Yet for the same reason there is an over-riding joyousness to much of the film making incredibly fun to watch even if it’s technically not a great film but again don’t trust me I’m not normal.

The Good, The Bad and The Outcome:

+ Characters
+ It’s fun!
+ The Bogue-y man

– Poor dialogue
– Haley Bennett under-utilised
– Could have been grittier



The Equalizer

Denzel + DIY – Russians = izer

You know when you walk into McDonalds or Burger King and you see a picture of the “food” you are about to imbibe and it looks really great. When it arrives it’s a different story right? You open that box you are confronted by what looks to be some sort of rodent that crawled between a pair of ear muffs and promptly died. It happens almost every time so you set your expectations accordingly. It’s going to look terrible. Then, once in a blue moon, you open that box and the burger is less dry and anemic than usual but not only that, the top of the burger is still attached to the rest of it – almost like this one wasn’t made during an earthquake. Amazing!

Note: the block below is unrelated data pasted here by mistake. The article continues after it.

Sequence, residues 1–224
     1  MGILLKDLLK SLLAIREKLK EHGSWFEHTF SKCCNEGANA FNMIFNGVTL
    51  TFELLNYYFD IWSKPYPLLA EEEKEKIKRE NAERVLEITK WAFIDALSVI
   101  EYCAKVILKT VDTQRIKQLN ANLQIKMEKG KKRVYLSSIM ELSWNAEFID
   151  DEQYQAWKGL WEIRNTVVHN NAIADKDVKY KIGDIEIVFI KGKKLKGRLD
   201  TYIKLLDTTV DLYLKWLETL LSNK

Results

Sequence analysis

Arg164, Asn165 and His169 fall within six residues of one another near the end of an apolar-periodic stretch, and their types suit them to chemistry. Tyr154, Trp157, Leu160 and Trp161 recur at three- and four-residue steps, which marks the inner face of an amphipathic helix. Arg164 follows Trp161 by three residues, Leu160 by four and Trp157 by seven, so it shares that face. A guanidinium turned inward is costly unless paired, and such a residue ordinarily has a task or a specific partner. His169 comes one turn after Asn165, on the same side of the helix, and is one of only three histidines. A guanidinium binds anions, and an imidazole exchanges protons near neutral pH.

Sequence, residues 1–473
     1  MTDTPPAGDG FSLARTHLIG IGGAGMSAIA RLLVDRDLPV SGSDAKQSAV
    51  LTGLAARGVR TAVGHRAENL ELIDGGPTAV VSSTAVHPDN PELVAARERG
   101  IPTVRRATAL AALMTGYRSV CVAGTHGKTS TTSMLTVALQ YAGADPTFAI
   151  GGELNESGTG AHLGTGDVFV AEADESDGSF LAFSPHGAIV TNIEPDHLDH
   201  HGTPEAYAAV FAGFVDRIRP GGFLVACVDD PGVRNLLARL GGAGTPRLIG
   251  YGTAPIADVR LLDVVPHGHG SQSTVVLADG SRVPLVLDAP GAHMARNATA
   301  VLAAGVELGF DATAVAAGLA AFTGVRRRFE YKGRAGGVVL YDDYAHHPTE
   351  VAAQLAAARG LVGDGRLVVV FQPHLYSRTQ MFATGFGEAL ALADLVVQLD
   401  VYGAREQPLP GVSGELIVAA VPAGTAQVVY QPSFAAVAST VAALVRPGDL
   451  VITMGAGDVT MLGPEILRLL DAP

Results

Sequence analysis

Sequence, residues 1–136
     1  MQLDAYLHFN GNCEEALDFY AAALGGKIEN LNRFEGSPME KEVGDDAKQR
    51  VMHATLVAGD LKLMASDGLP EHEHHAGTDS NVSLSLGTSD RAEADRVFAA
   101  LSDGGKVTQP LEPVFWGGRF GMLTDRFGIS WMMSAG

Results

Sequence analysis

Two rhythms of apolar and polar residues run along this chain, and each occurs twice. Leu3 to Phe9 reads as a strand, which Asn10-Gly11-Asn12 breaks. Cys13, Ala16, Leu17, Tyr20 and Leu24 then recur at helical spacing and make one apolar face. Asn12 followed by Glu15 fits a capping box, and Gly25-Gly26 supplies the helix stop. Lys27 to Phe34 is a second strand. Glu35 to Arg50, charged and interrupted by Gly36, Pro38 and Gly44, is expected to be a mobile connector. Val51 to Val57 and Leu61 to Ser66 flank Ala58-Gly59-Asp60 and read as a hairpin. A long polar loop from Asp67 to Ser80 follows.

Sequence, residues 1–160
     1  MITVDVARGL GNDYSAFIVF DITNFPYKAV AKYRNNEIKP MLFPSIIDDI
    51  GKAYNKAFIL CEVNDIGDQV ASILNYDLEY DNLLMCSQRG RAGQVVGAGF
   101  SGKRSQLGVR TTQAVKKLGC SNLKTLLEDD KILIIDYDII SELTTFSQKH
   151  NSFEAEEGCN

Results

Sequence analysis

So, it’s always interesting coming out of the cinema and eavesdropping everyone else’s conversations. “Did you enjoy that?”. “Yeah, I did – I thought it was very good!”. “Me too! I really liked it”. “……..bit weird”. “Yeah, it was a bit weird”. I know exactly why they thought it was weird: it’s because they watched the arse-cabbage that is the trailer. It was a bland, anemic lump of explosions and punching people sandwiched in the middle of two doughy Denzel buns. It looks like every other generic action burger… err… movie. Expectations set low. Already calling this as a 2 star review.